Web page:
9 Biggest Lessons I've learned on my Burnout Journey
The Biggest Lessons I learned from my Burnout
Today, February the 24th, is my birthday and I wanted to prepare and offer you something more “special” — something different. So here it is, a longer blogpost about my biggest lessons that I’ve learned on my burnout journey so far.
Here’s an overview of the 9 biggest lessons from my burnout journey:
Burnout is not caused just by physical strain
Digestion and food intolerances are one of the biggest causes for my burnout
Accumulated stress is burning you out
Don’t stop training and working out
Environment and technology might be causing you to burnout
Negative energy and mental pressures are a big chronic stressor
It’s not just physical stress — we also accumulate and repress emotional stuff
Burnout can leave fear and trauma
Align your life’s path with your life’s purpose to conquer burnout.
My burnout story
Some of you follow me and my newsletter from day one and might be more familiar with my story. Others joined later and might not know my story that well.
I’ve been struggling with burnout for the last four years now. I burned out when I was 21. It was during my last season as a professional volleyball player: I was putting myself and my body under too much — both physically and mentally.
Consequently, my body crashed and I burned out.
My health broke and my world fell apart. My digestion broke down and never fully recovered. I was miserable and depleted, sometimes also quite anxious and depressed. At times I thought I was dying and that I’d never regain my health again.
My burnout in late 2017 put me on a years-long journey of healing and regaining my health.
What are the main causes behind my burnout, how to heal myself, how to regain my health and build a new, better me were the main questions and motivations behind my pursuit of understanding and conquering my condition.
Biggest lessons from my burnout
It wasn’t easy to break free from the chains of burnout. It took a lot of time. A lot of trial and error. A lot of pain and suffering. I had to take small, consistent steps. But as time went on, my body slowly started healing and my health got better.
At first I found my burnout as a course. I looked at my peers envying their energy, good health and well-being. In difficult times I went into victim mode and blamed the universe that it had happened to me. I also blamed myself since “I should’ve known better”. I wished that burnout would never have happened so I could be “normal”.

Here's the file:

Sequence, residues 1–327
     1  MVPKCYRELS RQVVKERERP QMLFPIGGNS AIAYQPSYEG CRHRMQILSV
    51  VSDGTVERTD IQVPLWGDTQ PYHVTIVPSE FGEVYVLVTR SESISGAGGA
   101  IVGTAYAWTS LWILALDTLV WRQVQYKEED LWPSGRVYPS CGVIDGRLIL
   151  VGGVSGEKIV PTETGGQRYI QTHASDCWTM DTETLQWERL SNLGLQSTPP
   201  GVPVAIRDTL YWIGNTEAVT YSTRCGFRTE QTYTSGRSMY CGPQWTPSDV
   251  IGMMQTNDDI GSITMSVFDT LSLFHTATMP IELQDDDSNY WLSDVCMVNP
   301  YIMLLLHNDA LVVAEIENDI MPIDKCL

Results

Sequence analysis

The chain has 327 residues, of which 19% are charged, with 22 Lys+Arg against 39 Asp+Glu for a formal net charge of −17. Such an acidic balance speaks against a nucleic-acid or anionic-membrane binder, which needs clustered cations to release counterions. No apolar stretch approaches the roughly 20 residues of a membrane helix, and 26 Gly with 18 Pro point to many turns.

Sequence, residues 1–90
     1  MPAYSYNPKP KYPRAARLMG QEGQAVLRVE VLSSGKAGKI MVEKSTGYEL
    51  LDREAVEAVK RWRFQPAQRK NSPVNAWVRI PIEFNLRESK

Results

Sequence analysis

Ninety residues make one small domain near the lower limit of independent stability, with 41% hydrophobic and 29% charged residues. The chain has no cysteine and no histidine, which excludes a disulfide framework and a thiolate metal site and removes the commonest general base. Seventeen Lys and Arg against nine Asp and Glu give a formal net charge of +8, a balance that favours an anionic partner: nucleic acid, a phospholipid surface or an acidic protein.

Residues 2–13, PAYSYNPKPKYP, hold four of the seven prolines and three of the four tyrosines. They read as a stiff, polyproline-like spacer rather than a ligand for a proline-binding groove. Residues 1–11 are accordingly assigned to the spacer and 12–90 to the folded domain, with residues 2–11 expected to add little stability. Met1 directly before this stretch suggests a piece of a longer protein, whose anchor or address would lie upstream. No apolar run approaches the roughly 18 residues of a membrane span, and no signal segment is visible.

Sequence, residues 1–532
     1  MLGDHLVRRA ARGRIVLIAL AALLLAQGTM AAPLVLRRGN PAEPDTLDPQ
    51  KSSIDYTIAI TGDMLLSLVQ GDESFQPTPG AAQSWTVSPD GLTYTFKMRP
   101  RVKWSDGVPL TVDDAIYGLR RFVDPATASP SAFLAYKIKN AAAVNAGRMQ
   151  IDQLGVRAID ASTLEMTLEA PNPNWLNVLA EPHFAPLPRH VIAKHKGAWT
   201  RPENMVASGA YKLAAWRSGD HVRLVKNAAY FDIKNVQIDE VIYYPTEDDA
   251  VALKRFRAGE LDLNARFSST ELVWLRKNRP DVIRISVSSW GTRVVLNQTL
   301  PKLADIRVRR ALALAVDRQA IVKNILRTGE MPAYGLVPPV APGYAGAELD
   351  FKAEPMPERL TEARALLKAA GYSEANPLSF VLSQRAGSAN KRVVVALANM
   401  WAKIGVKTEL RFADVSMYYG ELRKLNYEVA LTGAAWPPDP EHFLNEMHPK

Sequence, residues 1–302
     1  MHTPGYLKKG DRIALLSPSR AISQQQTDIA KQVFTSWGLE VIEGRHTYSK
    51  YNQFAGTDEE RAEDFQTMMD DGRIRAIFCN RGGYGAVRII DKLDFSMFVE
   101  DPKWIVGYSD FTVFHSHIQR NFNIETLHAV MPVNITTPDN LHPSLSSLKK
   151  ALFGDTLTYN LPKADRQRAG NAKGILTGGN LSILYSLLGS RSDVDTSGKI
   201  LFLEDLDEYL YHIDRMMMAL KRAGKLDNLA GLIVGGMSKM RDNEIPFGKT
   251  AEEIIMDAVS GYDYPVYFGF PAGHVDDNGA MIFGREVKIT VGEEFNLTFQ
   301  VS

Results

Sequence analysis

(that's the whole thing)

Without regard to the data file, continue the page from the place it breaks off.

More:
But later on I realized that burnout didn’t happen to me, it happened for me. It was an invitation to build a new, better me. And it still is.
Four and something years later, here are my 9 biggest lessons that I’ve learned from my burnout.
1. Burnout is not caused just by physical strain
When I burned out for the first time in late 2017, I thought that I just pushed my body too much for too long. That I drank too much caffeine. That I didn’t eat enough for my body needs. That I’d pushed with the low carb and keto diet for too much. That I didn’t get enough quality rest and sleep, that I had trained too much and didn’t recover enough.
Sure, all the things mentioned above contributed to me burning out. Chronically not eating enough, drinking too much caffeine and training everyday, put my body in chronic stress and fight or flight mode, which caused my adrenal to overproduce stress hormones, which lead to adrenal fatigue and burnout.
But later on, I started to realize that there was more to my burnout than just things related to the physical realm. There were other factors that contributed to me being in a chronic stressed-out state and consequently burning out: digestion problems and food intolerances, accumulated stress, mental pressures and negative energy.
Let’s go through each one of them.
2. Digestion and food intolerances are one of the biggest causes for my burnout
One of my biggest stressors and causes for my burnout are problems with my digestion and food intolerances.
I have a very sensitive gut. It started at my birth: I was born 4 weeks earlier, and it is during this last period that the baby’s digestion is developing to the fullest. Then, at a few months of age, I contracted the rotavirus in the hospital, which can be very harmful to a newborn’s digestion and can leave lasting consequences. Then at the age of 14 I got an ear bacteria infection, which required antibiotic treatment, which damaged my gut.
During the transition from high school to college, I developed digestive problems for the first time. Lots of stress and physical effort at the Faculty of Architecture and a stressful period with hard training, many matches and trips with volleyball club Calcit Kamnik started nagging my digestion. In January 2016, I got severe stomach cramps for the first time: I was diagnosed with acid reflux or GERD and got proton inhibitor medication, which caused even more digestive problems: I got candida overgrowth, which was causing a lot of problems with my mood and energy.
With my own research and bioresonance treatment, I was able to heal the candida overgrowth and almost heal my acid reflux.
But then I burned out and my digestion got a hit too: my digestion broke down and never fully recovered since.
When our digestion works worse, it needs a lot more energy to digest food and it causes us a lot of unconscious stress and thus depletes our body and depletes our energy stores. Poorer digestion also means that our body receives less nutrients and less energy. It all starts to spin in a vicious circle which can result in problems with fatigue, exhaustion and burnout.
You can read more about my story of digestive problems here:
As my digestion got worse and worse, I also started developing more and more intolerances that I wasn’t aware of. Food intolerances are a strong stressor for the body, consume a lot of energy and can thus cause burnout. The problem with food intolerances is that they consume our energy at an unconscious level: since symptoms of food intolerance are delayed — sometimes even up to 3 days — we are often not aware that food that we have eaten and doesn’t agree with us, is now giving us problems.